Information current as of 19 December 2019
What is the state of 5G deployment in Russia?
5G services in Russia are developing but the deployment plans have been subject to changes. For instance, it was initially expected that 5G infrastructure would be deployed in 5 (five) of Russia’s biggest cities by 2022. However, this plan has been abandoned for the moment, and it is now expected that 5G deployment will be started on the industry-based principle, e.g. in certain industrial zones, etc.
Some of the territories for testing of 5G infrastructure (‘pilot zones’) have been identified, and it was contemplated that 5G services in some of them should be launched by the end of 2019.
The first ‘pilot’ basic station for 5G was launched in September 2019 in Skolkovo (innovation centre in the Moscow Region).
Furthermore, it is expected that incentives (including state financing) will be provided to local (Russian) telecom providers in order to elaborate and launch the production of 5G equipment in Russia. Thus, it is expected that the required research and design works will be completed in 2019-2021 and production launched in 2022-2024.
Which telcos and communications players are launching 5G services?
It is expected that four (4) major Russian telecommunication providers (MTS, Megafon, Beeline and Tele2) will be involved in the launch of 5G services in Russia (and building the required infrastructure).
For this purpose, the Russian operators enter into cooperation agreements with foreign electronic equipment producers in order to facilitate the deployment of 5G infrastructure from a technical perspective. MTS and Beeline have entered into arrangements with Huawei (who are very active in deploying 5G infrastructure in Russia), while Megafon is cooperating with Nokia.
Are there any public tenders for spectrum licenses?
Yes, the tenders are held where radio frequency spectrum required for providing services within a given territory is limited and may be allocated to a limited number of network operators only.
What are the conditions?
The applicable Russian regulations provide for a detailed and complex procedure for organising and holding tenders for spectrum licences.
Only Russian entities (incorporated in Russia) are entitled to apply for spectrum licences.
What has the government said regarding spectrum licences for commercial use?
The spectrum licences are used for commercial purposes by legal entities that have complied with all applicable regulatory requirements and obtained all necessary authorisations and licences to use the spectrum / frequencies for providing services on a commercial basis.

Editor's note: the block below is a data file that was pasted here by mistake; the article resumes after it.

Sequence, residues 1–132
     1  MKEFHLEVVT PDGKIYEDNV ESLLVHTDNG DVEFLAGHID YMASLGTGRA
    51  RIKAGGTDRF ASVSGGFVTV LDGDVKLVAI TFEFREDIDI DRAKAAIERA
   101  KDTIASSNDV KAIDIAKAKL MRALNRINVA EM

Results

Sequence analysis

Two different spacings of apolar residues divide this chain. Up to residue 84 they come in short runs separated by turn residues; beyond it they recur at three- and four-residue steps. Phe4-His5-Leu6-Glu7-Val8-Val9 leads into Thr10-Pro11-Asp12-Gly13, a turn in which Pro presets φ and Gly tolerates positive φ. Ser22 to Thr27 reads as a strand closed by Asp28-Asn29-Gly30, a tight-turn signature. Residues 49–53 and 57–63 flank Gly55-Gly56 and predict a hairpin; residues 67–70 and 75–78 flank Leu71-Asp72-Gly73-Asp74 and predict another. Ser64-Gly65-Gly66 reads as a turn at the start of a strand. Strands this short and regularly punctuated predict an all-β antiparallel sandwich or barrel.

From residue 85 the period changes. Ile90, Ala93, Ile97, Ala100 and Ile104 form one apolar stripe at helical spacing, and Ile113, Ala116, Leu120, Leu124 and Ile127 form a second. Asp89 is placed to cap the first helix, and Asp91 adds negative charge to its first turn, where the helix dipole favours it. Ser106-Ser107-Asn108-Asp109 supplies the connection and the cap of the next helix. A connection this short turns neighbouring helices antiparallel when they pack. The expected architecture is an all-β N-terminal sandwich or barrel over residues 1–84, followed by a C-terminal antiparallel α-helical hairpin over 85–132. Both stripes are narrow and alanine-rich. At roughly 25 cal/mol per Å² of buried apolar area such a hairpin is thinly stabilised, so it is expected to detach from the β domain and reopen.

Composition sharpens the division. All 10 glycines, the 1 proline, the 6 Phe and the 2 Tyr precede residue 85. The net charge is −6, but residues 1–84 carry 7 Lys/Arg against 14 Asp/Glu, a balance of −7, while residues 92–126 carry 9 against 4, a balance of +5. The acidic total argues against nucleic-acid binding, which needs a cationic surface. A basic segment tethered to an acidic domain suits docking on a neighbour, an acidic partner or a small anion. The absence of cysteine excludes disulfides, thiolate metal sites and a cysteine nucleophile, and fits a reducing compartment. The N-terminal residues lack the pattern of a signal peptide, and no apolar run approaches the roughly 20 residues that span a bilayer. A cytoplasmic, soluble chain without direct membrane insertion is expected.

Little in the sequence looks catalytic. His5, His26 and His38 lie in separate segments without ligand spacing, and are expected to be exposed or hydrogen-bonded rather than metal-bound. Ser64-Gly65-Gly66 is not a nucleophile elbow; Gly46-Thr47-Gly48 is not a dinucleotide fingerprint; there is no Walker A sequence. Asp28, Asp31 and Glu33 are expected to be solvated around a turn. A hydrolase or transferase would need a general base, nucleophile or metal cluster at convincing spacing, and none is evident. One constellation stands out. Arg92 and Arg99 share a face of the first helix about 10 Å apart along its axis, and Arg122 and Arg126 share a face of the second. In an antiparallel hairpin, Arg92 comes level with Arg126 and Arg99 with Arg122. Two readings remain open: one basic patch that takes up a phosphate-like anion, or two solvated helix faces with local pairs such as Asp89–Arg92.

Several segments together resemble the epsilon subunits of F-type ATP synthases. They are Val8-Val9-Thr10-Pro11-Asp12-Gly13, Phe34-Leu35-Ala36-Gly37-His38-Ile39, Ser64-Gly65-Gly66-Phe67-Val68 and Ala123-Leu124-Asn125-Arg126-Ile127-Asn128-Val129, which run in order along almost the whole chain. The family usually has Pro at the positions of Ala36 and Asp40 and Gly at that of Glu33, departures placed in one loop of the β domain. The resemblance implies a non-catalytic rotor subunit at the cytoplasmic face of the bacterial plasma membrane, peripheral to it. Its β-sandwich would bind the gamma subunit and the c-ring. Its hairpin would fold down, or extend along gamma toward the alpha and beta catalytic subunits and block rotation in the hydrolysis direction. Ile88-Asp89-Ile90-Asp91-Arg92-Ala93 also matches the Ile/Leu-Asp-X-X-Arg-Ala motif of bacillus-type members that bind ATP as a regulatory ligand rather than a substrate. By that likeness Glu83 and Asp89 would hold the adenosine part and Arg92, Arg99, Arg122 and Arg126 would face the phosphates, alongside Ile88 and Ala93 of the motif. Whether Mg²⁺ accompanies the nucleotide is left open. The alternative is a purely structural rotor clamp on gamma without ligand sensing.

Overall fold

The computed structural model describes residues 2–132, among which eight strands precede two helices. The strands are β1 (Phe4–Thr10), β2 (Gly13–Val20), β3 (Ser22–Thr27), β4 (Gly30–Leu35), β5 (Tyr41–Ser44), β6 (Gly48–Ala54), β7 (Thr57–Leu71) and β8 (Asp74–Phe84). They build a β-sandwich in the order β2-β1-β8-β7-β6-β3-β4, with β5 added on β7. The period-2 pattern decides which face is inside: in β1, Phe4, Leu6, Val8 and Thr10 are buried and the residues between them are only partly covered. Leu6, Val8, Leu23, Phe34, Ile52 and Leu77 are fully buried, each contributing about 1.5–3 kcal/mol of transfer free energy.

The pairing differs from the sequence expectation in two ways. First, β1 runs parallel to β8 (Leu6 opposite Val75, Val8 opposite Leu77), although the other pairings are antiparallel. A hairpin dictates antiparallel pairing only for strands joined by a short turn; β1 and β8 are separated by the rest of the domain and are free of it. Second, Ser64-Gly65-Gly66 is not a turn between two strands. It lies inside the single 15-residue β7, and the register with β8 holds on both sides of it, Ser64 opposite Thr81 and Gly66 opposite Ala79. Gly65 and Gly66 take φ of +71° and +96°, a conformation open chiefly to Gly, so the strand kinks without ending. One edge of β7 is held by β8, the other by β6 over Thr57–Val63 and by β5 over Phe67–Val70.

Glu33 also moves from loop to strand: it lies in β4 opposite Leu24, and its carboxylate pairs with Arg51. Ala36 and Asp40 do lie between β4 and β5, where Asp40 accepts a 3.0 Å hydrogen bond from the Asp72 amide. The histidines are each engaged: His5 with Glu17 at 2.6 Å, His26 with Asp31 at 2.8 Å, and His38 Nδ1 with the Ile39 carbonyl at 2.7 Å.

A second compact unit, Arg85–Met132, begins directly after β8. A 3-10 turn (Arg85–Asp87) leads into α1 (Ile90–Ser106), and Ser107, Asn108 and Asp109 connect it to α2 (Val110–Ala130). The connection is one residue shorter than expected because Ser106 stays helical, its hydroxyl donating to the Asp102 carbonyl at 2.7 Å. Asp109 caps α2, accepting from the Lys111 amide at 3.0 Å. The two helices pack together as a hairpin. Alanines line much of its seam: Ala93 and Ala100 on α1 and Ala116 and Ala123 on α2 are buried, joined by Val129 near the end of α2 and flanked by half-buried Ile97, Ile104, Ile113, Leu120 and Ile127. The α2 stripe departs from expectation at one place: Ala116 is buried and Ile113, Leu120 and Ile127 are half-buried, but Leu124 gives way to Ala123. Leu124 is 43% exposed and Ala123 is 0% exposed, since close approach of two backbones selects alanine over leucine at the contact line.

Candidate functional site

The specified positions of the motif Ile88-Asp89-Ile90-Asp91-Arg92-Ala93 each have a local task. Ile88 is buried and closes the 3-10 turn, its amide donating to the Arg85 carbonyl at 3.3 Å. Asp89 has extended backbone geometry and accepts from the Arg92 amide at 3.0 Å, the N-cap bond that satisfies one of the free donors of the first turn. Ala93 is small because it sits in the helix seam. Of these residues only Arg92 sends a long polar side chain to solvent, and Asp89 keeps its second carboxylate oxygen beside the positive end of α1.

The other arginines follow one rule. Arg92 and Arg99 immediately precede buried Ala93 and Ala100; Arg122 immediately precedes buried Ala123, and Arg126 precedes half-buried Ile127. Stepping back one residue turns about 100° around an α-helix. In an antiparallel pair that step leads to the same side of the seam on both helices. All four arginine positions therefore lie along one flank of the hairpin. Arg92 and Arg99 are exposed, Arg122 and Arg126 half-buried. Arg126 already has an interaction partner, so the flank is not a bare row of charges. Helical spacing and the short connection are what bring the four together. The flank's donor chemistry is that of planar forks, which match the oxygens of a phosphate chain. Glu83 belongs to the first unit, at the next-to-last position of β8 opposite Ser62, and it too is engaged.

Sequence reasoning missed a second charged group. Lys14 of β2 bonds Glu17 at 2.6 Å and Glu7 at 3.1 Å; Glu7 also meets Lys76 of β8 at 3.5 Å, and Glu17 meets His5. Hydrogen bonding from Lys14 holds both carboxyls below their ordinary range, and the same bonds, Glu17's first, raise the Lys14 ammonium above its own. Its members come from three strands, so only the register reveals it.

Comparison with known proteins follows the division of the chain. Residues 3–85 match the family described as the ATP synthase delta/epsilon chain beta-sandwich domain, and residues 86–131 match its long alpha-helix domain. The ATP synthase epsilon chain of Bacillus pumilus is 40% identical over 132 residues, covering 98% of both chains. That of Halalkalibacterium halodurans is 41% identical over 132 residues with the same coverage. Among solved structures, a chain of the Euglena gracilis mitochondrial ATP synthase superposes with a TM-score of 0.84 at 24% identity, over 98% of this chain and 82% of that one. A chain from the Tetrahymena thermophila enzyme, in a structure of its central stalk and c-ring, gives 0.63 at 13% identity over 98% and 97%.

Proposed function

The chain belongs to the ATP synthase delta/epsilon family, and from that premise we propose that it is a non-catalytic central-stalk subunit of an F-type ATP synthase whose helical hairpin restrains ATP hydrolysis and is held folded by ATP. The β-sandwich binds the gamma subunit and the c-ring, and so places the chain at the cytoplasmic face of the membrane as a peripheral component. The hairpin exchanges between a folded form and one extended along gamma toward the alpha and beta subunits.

To this end it is also important to note that the frequency allocation table (FAT) adopted by the Russian Government establishes a list of restrictions in respect of the allocation of the frequency spectrum depending on their category of use, i.e. certain frequencies can be used:
- for government purposes;
- for civil purposes (very few bands are allocated for solely civil use); or
- for both government and civil purposes (shared use)
Most frequency bands are specified as being for shared use and the priority shall always be given to governmental use.
Generally, the Russian authorities (especially the military) are given priority within Russia with respect to frequency allocation.
However, as mentioned above, if all applicable regulatory requirements are complied with by the undertakings concerned (communication providers) to use the spectrum licences for commercial purposes, such use is in line with the applicable laws and regulations.
Are the rules for 5G already drafted, and if so, what do they say?
In April 2019 the competent Russian authorities made a proposal on the frequency spectrum to be allocated for 5G infrastructure. On 5 June 2019 the State Committee on Radio Frequency decided on the frequency spectrum to be allocated for 5G testing. Further, in November 2019 more frequency spectrum were allocated to 5G. Namely, these are 25,25–29,5 GHz for high band and 4,8–4,99 GHz for low band.
That said, so far no specific rules for 5G are in place. However, the competent authorities are working on the various technical requirements for 5G infrastructure.
What are or would be the rules for granting competitors access to the new 5G networks, once they are deployed?
As is common in Russia, new market opportunities result in conflicts of interest involving major communication network operators and state-owned telecommunication companies.
Therefore, as the communications sector in Russia is to a very large extent politically driven, it is difficult to predict what the rules will be for granting telcos access to the new 5G networks once they are deployed.